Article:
Villaraigosa Stresses Need for Education Reform

Y. Kit Wu

Former Los Angeles mayor Antonio Villaraigosa (right) is talking about his past and current political experiences with current IOP fellow Ana Navarro at the Harvard Kennedy School on Thursday, Oct. 24.

Former mayor of Los Angeles Antonio R. Villaraigosa emphasized the nationwide need for education reform during a John F. Kennedy Jr. Forum with CNN political contributor Ana Navarro on Thursday.

The discussion, which spanned topics ranging from education policy to ethnicity in politics to Villaraigosa’s family values, occurred only a day after the politician spoke at a “Conversations with Kirkland” event Wednesday evening. The events are part of Villaraigosa’s visiting fellowship at the Institute of Politics.

Navarro, a resident fellow at the IOP this fall, also hosts a study group entitled “Old, White, Straight, Male Voters Ain’t What They Used to Be.”

Throughout the conversation with Navarro, Villaraigosa discussed the structural problems in the public education system, an issue that he said was brought to the forefront during his service as mayor from 2005 to 2013 and during his previous membership in the California State Assembly. Villaraigosa said that flaws in the American education system contribute to national economic, democratic, and civil rights issues.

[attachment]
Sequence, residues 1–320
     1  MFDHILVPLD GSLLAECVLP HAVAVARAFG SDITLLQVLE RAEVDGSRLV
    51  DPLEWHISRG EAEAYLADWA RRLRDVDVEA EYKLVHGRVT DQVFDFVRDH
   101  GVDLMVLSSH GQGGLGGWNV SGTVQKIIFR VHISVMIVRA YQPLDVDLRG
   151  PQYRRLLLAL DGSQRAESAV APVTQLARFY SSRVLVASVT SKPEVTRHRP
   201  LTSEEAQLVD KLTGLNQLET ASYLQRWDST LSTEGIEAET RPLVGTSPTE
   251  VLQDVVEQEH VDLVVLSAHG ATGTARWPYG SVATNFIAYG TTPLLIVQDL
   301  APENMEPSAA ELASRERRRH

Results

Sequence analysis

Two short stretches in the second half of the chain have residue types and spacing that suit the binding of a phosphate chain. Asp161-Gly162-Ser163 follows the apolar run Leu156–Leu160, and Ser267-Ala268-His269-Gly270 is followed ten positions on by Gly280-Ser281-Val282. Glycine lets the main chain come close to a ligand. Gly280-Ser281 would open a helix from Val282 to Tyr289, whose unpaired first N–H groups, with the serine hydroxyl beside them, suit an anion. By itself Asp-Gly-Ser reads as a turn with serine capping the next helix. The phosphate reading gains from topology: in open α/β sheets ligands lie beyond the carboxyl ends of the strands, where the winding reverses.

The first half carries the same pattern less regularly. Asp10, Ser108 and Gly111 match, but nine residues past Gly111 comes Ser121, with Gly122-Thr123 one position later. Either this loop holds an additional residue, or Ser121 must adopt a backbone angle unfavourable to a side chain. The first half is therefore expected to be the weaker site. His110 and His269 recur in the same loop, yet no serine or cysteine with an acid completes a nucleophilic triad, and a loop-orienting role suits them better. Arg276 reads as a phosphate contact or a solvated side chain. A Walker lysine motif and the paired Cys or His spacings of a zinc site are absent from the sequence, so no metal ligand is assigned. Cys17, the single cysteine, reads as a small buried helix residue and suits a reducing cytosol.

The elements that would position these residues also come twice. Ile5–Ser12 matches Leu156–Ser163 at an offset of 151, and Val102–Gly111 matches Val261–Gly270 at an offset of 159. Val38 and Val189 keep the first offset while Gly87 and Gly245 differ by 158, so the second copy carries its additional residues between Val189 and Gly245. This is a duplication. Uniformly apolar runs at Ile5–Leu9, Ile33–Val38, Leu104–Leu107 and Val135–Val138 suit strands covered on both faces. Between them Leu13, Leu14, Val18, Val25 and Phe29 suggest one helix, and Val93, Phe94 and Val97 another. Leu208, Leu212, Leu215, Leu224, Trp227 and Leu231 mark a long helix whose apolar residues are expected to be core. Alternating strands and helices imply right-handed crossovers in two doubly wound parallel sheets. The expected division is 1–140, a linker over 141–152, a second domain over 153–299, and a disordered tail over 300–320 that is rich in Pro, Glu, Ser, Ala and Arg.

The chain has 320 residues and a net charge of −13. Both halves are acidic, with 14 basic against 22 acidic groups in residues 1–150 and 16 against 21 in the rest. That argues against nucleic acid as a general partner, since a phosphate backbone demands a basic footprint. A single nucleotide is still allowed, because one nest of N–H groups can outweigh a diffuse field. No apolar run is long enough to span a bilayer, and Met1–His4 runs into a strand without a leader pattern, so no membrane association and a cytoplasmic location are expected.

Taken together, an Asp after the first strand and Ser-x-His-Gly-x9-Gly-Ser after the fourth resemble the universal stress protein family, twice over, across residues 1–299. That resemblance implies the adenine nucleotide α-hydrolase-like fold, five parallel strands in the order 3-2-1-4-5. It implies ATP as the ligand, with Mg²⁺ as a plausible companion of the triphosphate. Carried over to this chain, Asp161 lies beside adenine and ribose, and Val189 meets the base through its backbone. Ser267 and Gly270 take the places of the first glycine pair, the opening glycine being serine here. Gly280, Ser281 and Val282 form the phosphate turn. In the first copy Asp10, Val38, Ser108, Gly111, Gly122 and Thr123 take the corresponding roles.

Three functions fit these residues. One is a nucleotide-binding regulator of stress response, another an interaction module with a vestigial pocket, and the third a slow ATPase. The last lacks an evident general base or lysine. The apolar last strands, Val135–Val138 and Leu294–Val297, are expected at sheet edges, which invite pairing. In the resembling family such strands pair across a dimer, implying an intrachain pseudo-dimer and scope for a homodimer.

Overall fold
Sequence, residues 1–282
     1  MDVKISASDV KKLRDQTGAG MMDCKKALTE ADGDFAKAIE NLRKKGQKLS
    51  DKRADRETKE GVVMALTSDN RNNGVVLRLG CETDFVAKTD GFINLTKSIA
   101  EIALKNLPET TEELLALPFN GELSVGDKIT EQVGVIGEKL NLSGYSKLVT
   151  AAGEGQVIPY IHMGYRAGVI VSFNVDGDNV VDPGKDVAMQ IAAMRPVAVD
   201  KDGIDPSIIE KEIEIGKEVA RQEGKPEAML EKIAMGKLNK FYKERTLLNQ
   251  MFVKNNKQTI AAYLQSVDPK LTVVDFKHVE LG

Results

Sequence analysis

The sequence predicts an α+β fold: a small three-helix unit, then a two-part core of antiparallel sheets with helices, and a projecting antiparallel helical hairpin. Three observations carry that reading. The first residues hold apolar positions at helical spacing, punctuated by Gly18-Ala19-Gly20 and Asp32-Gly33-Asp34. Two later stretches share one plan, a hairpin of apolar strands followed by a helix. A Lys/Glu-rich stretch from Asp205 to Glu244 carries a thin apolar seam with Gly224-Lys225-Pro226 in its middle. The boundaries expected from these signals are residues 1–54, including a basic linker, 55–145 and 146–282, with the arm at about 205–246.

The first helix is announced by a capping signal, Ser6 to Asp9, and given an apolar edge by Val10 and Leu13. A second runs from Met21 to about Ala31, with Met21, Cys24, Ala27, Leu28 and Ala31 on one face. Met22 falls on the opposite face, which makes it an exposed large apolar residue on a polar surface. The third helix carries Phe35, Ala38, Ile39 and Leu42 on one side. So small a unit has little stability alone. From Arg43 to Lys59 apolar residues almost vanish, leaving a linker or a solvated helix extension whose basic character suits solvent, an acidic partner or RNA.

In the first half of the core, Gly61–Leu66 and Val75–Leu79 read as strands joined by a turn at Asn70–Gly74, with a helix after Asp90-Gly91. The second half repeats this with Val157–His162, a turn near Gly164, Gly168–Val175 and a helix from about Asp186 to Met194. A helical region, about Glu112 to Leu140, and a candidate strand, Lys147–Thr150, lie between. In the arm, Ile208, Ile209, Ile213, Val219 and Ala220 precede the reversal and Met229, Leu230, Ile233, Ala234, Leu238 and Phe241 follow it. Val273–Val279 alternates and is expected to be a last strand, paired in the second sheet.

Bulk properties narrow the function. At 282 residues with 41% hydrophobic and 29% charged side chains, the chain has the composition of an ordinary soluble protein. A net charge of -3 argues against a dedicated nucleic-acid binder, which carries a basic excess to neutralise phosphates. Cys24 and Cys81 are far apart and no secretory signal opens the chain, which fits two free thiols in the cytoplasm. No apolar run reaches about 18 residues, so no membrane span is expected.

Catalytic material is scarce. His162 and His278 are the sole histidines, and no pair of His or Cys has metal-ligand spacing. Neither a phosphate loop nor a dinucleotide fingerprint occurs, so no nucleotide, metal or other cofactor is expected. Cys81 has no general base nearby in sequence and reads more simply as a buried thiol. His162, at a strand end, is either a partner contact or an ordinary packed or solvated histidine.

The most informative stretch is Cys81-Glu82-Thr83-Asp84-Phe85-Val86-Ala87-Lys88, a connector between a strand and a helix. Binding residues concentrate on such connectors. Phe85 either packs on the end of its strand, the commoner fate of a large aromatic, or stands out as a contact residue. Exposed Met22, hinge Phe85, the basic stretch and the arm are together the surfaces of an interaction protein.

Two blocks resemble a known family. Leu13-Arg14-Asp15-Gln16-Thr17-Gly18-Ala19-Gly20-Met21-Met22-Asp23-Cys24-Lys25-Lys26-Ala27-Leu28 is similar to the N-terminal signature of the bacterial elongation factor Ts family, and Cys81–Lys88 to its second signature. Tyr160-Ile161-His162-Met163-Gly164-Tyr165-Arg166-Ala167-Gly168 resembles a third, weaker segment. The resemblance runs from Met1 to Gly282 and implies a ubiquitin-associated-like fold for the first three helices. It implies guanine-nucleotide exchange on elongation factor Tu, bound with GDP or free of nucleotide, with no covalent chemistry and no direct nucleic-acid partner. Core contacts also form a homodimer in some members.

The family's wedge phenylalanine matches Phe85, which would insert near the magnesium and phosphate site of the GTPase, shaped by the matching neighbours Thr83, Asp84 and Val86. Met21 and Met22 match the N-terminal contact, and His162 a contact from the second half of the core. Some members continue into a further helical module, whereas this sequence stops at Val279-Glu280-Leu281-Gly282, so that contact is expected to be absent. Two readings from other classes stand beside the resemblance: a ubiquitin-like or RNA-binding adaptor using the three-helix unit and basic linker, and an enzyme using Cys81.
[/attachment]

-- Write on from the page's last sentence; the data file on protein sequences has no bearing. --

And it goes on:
“Great cities are anchored by great public schools and institutions of higher learning,” Villaraigosa said. “The kids of the poor aren’t competing with those of the developing world.”

The former mayor said that changes need to implemented by administrators, parents, and teachers alike in order for education to be effective. He cited the improvements that his administration orchestrated within many schools in the L.A. public school system, particularly those in typically underachieving areas, as an example of exhaustive reform.

Max W. Liebeskind ’17 said that he attended the event in order to hear Villaraigosa’s unique perspective as a mayor, particularly on topics like education and labor unions.

“I’m a native New Yorker who was in the New York City public school system, and so I was really excited to see a leader of a major metropolitan area talk about metropolitan issues,” Liebeskind said.

Navarro and Villaraigosa also addressed hyper-political partisanship in light of the recent government shutdown. Villaraigosa said that the general population is losing faith in the government, and that he does not think members of either party understand the level of cynicism that has spread across the American public.

“That’s not healthy for democracy,” Villaraigosa said. “That’s not healthy for either party. Both parties need to push out the edges and try to forge a compromise.”

When asked whether he would pursue further political office, Villaraigosa said that while he is taking some time to reflect and regenerate, he wasn’t ruling any options out. However, he added that if he does assume political office in the future, it will be in a “transformative” role.

“And if I can’t be transformative, I’ll let someone else do it,” Villaraigosa said.



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